6 March 2017

Sandford and Faber (2)

The gracious archivist of Sandford Church (see yesterday's post) tells me that she has discovered, in a mouldering chest, a Prayer Book and a Bible inscribed by Fr Faber as given to the church while he was serving there; and that their stone altar, very like that at nearby Littlemore, is conjecturally ascribed to Faber.

This puts me in mind of Chapter 2 of Loss and Gain, Newman's novel of Tractarian life in Oxford. Here Bateman, a young Ritualist clergyman, proudly shares his pride in the renovation of a country church near Oxford ... which is in the very latest Ritualist style (even though he does not anticipate it having an actual congregation). 'It was as pretty a building as Bateman had led them to expect, and very prettily done up too. There was a stone altar in the best style ...'. ''We offer our Mass every Sunday, according to the rite of the English Cyprian, as honest Peter Heylin calls him; what would you have more?'' explains Bateman; an explanation which mystifies his hearers all the more. Not that I am suggesting that Loss and Gain is directly satirising Faber; the details do not fit and, in any case, it is not that sort of book. Its relevance is in the accuracy with which it describes the fashion of a particular moment.

Mind you, if Fr Faber did put that stone altar into Sandford church in 1839, it would have been one of the earliest to enter an Anglican church after the 'Reformation'.

PS Those interested in the historical details about Our Lady of Sandford should look at Professor Tighe's exciting comment attached to my previous blog on the subject. The standard Art History reference to the statue is in a 2003 number of Apollo, which has not caught the Recusant side of things.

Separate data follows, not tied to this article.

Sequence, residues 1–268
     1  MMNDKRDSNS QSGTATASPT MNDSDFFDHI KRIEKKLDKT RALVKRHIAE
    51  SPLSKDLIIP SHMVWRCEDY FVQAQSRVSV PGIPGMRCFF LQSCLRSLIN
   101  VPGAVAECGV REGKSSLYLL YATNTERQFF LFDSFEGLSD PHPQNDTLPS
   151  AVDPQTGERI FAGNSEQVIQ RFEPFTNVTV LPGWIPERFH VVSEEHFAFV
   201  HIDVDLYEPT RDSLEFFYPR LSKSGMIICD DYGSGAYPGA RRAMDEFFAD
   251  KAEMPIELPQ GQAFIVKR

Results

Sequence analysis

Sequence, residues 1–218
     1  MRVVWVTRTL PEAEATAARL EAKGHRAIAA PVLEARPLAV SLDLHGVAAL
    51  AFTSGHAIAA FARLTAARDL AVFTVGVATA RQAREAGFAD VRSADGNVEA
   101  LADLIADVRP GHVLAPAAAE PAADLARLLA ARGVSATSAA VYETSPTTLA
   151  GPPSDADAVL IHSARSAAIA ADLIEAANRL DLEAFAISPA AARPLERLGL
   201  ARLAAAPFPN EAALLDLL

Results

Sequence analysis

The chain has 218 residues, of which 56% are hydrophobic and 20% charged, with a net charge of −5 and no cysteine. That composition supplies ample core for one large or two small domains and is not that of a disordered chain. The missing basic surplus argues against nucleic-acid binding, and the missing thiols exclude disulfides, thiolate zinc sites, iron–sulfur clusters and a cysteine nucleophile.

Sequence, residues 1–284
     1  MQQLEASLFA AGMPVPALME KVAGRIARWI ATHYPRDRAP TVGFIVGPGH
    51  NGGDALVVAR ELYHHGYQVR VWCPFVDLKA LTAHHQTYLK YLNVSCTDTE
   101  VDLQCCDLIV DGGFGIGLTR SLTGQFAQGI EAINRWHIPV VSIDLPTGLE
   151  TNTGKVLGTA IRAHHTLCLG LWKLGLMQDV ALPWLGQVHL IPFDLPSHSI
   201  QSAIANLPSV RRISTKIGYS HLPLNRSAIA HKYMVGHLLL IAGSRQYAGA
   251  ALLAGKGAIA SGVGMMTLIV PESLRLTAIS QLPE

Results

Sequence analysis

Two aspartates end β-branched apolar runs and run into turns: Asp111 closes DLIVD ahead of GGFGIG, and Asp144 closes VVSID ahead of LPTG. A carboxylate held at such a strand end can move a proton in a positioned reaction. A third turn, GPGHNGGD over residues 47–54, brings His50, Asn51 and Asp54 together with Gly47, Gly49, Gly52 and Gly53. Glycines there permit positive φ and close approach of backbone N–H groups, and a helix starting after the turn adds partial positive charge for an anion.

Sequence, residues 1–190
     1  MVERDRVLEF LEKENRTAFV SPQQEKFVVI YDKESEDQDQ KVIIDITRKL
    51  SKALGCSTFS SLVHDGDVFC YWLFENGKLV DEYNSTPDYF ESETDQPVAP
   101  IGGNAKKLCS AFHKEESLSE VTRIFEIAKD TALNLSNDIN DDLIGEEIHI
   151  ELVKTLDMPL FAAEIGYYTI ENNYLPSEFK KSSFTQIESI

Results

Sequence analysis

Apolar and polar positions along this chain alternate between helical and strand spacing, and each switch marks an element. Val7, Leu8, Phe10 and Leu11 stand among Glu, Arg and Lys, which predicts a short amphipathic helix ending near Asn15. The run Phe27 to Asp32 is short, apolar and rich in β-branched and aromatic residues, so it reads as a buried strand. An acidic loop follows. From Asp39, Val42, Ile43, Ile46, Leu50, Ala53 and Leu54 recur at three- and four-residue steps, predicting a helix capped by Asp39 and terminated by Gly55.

6 comments:

Sir Watkin said...

it would have been one of the earliest to enter an Anglican church after the 'Reformation'

Cosin's at Durham was a little earlier ....

(Then there's Scudamore's notable reinstallation of the mediaeval mensa at Abbey Dore in the 1630s.)

Curiously, stone altars crop up more than one would expect in the late eighteenth and early nineteenth century. They don't seem to have had any doctrinal significance: more a sign of wealth and (secular) fashionablity.

Christchurch Cheltenham, a distinctly evangelical foundation built in the late 1830s (preaching box with galleries and minimal chancel, in pre-Pugin gothic) had one. But when such things became a party badge it was removed.

Joshua said...

Don't Anglican clergy and suchlike persons need a "faculty" (is that the right word?) from their bishop when putting items in their churches? I wonder whether any C. of E. bishop would have permitted a stone altar in 1839, just as "a female figure with a child" would have been considered intolerable Popery...

Pelerin said...

Looking up Fr Faber I am curious to know why he is referred to mainly as Frederick William whereas the Oratory site has him as Wilfred? Did he take another name on becoming Catholic perhaps?

Mike Hurcum said...

He wanted to be called Wilfred and the foundation he started just before he entered the Church was St Wilfred's I believe.

E sapelion said...

I see there is a biography of Faber, which may answer the question. Though a reviewer comments that the book is focussed on Fr Faber's spiritual development and somewhat sketchy on his external life.
Wilkinson, Melissa
Frederick William Faber, A Great Servant of God
(Gracewing, Leominster, 2007) £20, ISBN 0 85244 135
The church he had built, by Pugin and dedicated to St Wilfrid (sic), appears to be still standing but was abandoned in 2007 (dry rot, and the pews moved to another church)

Sir Watkin said...

Don't Anglican clergy and suchlike persons need a "faculty" (is that the right word?) from their bishop when putting items in their churches?

Not at the date in question. The present faculty system is a modern thing. Formerly faculties were only sought for major works.

Incidentally, "faculty" is just a synonym for "dispensation".

e.g. "And none shall be admitted a Deacon, except he be full twenty-three years of age unless he have a Faculty."

So why should a faculty or dispensation be required for alterations to a church building?

Because there was a presumption that the status quo of the building should be maintained (even unto the end of the world), so for alterations to occur there first needed to be a dispensation from that presumption.